Monday, April 17, 2006 has (as usual) an amusing read up, which at one step harps on a point that I can't support enough: 0days != hacking. Almost all "real" hacking is done via transitive trust (thus the same goes for pentests). 0days allow you to more quickly get _some_ trust to exploit transitively, but the "real" work is done on transitive trust. And transitive trust and "real" hacking gets too little credit at security conferences, mainly because any "real" research here is by direct implication illegal ("... I wrote this worm that exploits transitive trust ... and I have some empirical data on it's spreading capabilities *cough* ...").

Now I just need to find a dictionary that explains me what "branler la nouille en mode noyau" means ;)

1 comment:

Emilie said...

Being read by a nice looking security star is always an ego boost! Thanks Halvar for your nice words.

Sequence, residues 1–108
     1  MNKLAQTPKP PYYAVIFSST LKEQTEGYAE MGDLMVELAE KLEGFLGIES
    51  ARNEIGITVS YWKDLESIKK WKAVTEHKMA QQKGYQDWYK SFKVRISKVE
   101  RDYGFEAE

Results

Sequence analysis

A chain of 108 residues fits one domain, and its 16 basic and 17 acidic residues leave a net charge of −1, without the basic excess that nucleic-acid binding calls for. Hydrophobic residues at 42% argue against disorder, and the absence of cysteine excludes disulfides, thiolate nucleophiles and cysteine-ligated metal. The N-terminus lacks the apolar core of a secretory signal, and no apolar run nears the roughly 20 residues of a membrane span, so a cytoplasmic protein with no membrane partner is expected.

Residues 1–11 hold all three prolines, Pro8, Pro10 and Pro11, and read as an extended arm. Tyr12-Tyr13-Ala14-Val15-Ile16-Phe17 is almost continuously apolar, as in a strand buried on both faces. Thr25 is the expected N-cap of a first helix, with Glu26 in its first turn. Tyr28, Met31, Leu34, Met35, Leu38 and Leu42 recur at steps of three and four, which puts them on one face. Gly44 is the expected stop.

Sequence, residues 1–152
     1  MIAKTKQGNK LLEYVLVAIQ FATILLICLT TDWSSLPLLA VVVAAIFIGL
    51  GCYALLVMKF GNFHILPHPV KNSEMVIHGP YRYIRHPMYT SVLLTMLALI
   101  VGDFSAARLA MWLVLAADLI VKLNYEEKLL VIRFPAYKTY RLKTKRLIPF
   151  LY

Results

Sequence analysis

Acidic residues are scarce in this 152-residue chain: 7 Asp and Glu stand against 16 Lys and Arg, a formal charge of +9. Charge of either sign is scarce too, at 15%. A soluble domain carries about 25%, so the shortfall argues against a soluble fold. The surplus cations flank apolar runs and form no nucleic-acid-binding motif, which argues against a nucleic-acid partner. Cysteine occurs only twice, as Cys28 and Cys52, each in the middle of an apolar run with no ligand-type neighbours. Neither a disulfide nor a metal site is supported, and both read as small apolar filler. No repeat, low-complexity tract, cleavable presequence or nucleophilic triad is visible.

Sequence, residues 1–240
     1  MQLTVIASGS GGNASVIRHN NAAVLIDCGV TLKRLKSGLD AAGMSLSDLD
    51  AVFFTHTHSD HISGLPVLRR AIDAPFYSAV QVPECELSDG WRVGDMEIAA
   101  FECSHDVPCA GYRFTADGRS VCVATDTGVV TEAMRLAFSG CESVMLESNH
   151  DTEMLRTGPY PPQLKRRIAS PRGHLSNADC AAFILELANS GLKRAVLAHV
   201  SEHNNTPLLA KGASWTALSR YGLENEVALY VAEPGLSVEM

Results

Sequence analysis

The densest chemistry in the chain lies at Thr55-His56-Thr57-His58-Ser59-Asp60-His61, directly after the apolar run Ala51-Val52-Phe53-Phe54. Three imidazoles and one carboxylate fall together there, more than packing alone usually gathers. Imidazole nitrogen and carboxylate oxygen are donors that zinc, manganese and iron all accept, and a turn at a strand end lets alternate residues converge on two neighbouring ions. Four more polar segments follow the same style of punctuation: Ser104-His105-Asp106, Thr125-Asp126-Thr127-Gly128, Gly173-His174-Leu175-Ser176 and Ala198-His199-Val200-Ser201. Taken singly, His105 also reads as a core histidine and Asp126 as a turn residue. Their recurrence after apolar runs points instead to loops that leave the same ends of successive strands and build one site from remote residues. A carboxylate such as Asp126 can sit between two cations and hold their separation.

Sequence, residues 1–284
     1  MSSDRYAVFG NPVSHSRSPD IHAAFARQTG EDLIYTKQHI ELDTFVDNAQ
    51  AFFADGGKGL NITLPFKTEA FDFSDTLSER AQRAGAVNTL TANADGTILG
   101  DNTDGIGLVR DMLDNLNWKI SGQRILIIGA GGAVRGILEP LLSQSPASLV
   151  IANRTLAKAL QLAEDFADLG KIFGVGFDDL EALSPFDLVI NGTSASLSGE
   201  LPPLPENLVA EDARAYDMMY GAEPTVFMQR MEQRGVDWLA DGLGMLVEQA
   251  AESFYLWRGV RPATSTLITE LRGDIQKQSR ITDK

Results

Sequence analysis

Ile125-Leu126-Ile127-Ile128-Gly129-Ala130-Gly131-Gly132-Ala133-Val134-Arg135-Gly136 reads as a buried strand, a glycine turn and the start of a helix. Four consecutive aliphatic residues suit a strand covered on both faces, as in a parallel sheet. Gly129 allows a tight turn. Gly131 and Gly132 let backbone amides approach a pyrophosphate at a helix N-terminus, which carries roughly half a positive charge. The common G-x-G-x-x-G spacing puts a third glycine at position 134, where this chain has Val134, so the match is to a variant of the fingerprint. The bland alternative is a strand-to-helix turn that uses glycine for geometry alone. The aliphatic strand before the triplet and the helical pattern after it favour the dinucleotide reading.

While I do not like being despised by most "vocal" security people (mailing lists, blogs, ...) for being a security consultant, I do not believe "real" hacking has its place in security conferences.

Once upon a time it could be nice to have someone talk about real world methodologies (I found the excel file with all the passwords), but it would get old really fast (I found the domino database/text file/nis domain/unprotected ldap server with all the passwords).

The only fun part is in hacking custom stuff, but you can't talk about this.

Watching a talk about uninitialized local variables, even if I know I'll never need this knowledge in "real life", is way more exciting than another honeypot talk.